MINISTERS are being urged to raise their ambitions on climate change by introducing tougher targets to address air pollution.

More than 8000 people responded to the Scottish Government’s consultation on its Climate Change Bill calling for zero toxic emissions by 2050, and a 77 per cent decrease by 2030.

They say the current aim for a 63.5 per cent reduction by 2030, which the Bill proposes to increase to 66 per cent by 2030, and then to 90 per cent by 2050, does not go far enough.

Tom Ballantine, chair of environmental coalition Stop Climate Chaos Scotland (SCCS), which wrote to the First Minister last week, said: “In 2009 Scotland was setting the pace internationally when we agreed our climate targets but now people are urging the Scottish Government to keep the country on the leaderboard on this issue.

“The urgency of the climate crisis has grown in the intervening years and Scots want to see more done to ensure we continue to deliver leading action.”

The Scottish Government is revising its plans following the historic Paris climate deal agreed in December 2015.

The US National Oceanic and Atmospheric Administration’s State of the Climate in 2016 report revealed earlier this year that 2016 was globally the hottest year on record, surpassing 2015 and 2014 for record temperatures.

Ballantine added: “The most up to date climate science clearly demonstrates that we need to rapidly cut emissions if we are to avoid catastrophic temperature increases and irreversible change.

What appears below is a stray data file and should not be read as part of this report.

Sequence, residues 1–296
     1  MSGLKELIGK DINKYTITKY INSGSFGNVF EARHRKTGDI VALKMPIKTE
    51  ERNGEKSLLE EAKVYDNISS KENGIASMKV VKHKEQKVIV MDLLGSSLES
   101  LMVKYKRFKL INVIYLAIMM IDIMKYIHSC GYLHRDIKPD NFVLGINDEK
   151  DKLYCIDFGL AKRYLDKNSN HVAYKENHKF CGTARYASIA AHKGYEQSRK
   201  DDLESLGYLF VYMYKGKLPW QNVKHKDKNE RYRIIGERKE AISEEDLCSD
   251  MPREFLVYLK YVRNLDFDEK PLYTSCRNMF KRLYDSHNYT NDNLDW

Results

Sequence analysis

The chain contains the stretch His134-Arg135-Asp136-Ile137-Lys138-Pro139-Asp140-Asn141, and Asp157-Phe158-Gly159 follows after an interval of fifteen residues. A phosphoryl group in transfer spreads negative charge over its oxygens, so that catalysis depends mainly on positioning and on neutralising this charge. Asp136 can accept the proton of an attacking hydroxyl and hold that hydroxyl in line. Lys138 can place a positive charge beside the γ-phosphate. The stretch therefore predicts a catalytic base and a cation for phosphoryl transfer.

“The question is not will we act, it is will we act fast enough? The Scottish Government has proposed a target of 90 per cent reduction by 2050 but this simply doesn’t go far enough. It is only a minor improvement on what we were already aiming for a decade ago.”

He continued: “As well as ambitious emissions targets, people want to see the concrete policies that help us meet these goals.

“Our climate plans should deliver real action to make every home a warm home, stop the sale of fossil-fuelled vehicles by the end of the next decade and provide help for farmers to go greener.

“The additional benefits of acting now are many: a reduction in deadly air pollution, less fuel poverty, reducing local environmental pollution from agriculture along with the economic advantage gained by leading rather than following.”

Research from WWF Scotland recently revealed that 68 per cent of Scots want to see the government invest in projects that cut emissions, with 76 per cent wanting to see more done to improve the energy efficiency of homes.

Transport is the biggest polluter, responsible for 27 per cent of emissions, followed by agriculture which accounts for 22.5 per cent.

Last month the UK Government announced a ban on diesel and petrol car sales from 2040. The Scottish Government had previously pledged to reduce sales of fossil-fuelled vehicles to just 60 per cent by 2032, but SCCS wants the phase out of the sale of new fossil fuel cars by 2030.

By comparison India is aiming for no new fossil fuel cars by 2030 and Norway by 2025.

The 8000 responses calling for more ambitions targets have been submitted through a range of organisations including Oxfam, Christian Aid, Friends of the Earth and WWF.

The Climate Change (Scotland) Act passed in 2009 helped to establish Scotland as a world-leader in tackling climate change and requires ministers to publish regular plans for meeting future emission reduction targets. The consultation on the new Bill ends on September 22.